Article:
The timing of Nokia’s handset unit sale to Microsoft came as a profound shock. In the spring quarter, Nokia’s Lumia volumes grew by more than 20% over the previous quarter and over the summer, the cheapo Lumia 520 seemed to have developed real sales momentum. Nokia was cruising towards a second consecutive quarter of 20% sequential Windows phone unit growth. Why sell the handset unit just as Nokia’s smartphone growth was finally picking up steam? Well, possibly because feature phone sales may have started tanking so badly that it threatened to trigger a cash crisis in 2014. Nokia delivered a fairly disastrous, -27% volume decline in feature phones in the spring quarter. There are some signs from Africa and India that the autumn drop might be even worse.
Yet Nokia still managed to sell nearly 54 million feature phones during Q2 2013. It’s still a company selling more than 200 million feature phones a year. And now Microsoft is in the business of selling 200 million feature phones a year. Is this something that Microsoft can possibly manage effectively? What can Microsoft do with hundreds of millions of $40 phones?
One possibility is that Microsoft will keep the Lumia unit and sell the feature phone unit. The challenge here is that nobody wants to buy a rapidly shrinking feature phone business. The unit may have to be ditched for one dollar to a company like Micromax or Lava. But a far more intriguing possibility would be Microsoft actually wanting to run a feature phone business.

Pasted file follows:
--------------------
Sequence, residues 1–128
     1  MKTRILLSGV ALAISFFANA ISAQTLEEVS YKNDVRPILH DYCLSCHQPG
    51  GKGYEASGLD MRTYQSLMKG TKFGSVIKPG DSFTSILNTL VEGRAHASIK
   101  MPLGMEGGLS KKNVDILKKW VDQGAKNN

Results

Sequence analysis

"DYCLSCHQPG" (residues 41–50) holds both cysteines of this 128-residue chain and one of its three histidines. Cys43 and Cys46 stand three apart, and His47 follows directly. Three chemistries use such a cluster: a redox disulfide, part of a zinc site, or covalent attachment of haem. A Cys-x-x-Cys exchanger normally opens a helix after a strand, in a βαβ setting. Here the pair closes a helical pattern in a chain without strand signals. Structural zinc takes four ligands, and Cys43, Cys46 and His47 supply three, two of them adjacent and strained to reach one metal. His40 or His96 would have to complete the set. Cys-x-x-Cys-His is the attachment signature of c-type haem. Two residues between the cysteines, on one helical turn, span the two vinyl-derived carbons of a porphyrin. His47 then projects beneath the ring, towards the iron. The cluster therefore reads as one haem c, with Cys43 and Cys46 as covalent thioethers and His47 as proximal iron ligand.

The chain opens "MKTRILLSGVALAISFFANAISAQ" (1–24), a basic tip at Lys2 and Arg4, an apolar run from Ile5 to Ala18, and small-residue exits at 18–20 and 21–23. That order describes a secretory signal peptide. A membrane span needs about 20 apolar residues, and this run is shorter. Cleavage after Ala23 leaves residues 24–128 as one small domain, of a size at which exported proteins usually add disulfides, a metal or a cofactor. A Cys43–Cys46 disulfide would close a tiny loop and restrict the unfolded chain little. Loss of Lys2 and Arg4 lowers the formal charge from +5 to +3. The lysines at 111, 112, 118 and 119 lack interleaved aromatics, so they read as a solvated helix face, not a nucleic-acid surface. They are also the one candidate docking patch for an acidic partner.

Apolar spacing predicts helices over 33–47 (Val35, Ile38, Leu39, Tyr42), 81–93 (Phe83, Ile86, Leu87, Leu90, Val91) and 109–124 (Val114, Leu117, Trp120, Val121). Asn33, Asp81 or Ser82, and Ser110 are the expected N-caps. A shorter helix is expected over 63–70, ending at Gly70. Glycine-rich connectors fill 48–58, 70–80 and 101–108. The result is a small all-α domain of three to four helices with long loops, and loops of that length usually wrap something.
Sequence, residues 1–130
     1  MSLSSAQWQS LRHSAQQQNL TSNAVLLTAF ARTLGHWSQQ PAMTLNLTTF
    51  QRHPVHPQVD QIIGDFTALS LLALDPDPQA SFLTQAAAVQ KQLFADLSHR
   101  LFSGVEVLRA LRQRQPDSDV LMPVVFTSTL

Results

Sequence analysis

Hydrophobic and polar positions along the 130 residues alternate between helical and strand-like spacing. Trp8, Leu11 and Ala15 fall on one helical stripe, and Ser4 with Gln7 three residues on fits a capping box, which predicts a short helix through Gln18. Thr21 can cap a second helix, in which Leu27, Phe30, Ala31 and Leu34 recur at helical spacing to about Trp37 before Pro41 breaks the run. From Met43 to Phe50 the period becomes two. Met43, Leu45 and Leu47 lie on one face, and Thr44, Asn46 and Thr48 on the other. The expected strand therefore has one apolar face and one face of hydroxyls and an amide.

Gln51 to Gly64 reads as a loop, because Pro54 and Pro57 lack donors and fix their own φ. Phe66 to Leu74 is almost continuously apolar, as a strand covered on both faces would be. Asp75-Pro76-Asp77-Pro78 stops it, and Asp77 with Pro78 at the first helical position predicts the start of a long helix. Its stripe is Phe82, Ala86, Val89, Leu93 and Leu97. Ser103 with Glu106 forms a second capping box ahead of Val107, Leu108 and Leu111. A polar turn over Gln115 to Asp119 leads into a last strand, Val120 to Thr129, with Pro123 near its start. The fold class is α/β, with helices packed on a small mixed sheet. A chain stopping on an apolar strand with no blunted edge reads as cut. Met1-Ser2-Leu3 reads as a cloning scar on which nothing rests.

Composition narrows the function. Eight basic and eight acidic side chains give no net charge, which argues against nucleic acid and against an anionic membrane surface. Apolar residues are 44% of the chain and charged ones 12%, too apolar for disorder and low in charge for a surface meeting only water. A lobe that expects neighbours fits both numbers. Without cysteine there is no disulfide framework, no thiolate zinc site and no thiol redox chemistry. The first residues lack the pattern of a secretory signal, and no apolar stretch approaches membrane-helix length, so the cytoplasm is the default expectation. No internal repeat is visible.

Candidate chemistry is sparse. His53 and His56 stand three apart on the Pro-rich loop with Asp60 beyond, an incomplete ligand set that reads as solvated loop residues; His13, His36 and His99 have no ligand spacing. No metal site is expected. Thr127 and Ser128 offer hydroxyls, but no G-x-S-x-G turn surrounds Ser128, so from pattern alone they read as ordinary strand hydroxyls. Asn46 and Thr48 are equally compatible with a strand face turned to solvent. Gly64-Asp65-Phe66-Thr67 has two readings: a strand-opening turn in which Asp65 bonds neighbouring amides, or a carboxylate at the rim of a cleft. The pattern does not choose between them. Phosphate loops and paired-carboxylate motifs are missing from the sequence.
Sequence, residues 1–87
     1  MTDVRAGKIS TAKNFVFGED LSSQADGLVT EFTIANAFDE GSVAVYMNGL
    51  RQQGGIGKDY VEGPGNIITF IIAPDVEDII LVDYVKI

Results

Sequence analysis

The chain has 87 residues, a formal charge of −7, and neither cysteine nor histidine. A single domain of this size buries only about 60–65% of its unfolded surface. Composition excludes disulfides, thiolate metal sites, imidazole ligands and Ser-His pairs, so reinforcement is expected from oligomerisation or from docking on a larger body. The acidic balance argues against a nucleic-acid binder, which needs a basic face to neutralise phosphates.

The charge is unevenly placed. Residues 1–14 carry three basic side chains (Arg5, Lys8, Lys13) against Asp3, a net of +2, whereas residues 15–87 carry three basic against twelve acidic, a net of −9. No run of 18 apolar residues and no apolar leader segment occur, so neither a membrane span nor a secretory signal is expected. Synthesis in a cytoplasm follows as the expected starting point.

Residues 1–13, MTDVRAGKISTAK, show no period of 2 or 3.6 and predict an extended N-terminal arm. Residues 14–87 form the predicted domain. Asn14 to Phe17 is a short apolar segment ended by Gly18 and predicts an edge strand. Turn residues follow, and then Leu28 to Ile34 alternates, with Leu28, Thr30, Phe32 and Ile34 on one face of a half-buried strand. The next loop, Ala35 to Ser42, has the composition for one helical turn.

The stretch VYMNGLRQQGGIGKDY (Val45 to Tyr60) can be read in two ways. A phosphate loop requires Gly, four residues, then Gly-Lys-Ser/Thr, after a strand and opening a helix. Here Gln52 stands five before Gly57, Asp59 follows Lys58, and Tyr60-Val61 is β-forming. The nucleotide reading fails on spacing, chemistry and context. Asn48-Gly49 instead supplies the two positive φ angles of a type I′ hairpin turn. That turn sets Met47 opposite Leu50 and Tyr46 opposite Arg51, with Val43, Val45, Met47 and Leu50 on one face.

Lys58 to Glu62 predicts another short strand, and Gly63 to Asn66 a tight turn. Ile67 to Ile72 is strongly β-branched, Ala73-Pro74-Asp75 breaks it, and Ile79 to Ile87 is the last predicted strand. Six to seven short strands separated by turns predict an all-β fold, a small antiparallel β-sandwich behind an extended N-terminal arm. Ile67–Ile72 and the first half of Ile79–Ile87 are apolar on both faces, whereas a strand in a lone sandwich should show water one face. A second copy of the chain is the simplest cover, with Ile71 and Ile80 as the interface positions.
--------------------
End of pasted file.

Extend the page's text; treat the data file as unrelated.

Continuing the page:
What could the Beast of Redmond achieve with this massive, low-end machine? Could it take the Asha range of slightly premiumish feature phones and turn them into gateways to Planet Microsoft, featuring Skype buttons, Bing search boxes, Xbox Lite games and Outlook email?
$70 to $100 feature phones are now so sophisticated they feature Wi-Fi chips and could support a ton of Microsoft bloatware, including prominent Skype support and game downloads. Perhaps getting those features in front of hundreds of millions of new customers might be valuable enough for Microsoft to make it worth losing a couple of bucks per phone.
Could Microsoft be planning to turn Nokia’s cheap feature phone armada into a massive assault weapon intended to penetrate the very hearts of the mass consumer markets of Africa and Asia? This could be a far more interesting idea than trying to turn high-end Lumias into real challengers to Apple’s iPhone and Samsung’s high-end Galaxy phones.